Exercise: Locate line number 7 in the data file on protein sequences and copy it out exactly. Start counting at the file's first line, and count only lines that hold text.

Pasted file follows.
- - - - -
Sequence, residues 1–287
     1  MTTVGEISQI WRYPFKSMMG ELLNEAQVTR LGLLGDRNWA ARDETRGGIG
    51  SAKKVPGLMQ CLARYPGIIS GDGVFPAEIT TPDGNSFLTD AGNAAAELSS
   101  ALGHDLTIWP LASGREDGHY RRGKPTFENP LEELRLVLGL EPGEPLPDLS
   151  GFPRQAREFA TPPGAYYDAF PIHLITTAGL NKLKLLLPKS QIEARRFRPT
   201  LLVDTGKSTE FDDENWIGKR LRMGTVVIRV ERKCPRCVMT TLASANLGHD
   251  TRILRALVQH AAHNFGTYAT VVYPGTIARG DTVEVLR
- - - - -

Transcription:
   251  TRILRALVQH AAHNFGTYAT VVYPGTIARG DTVEVLR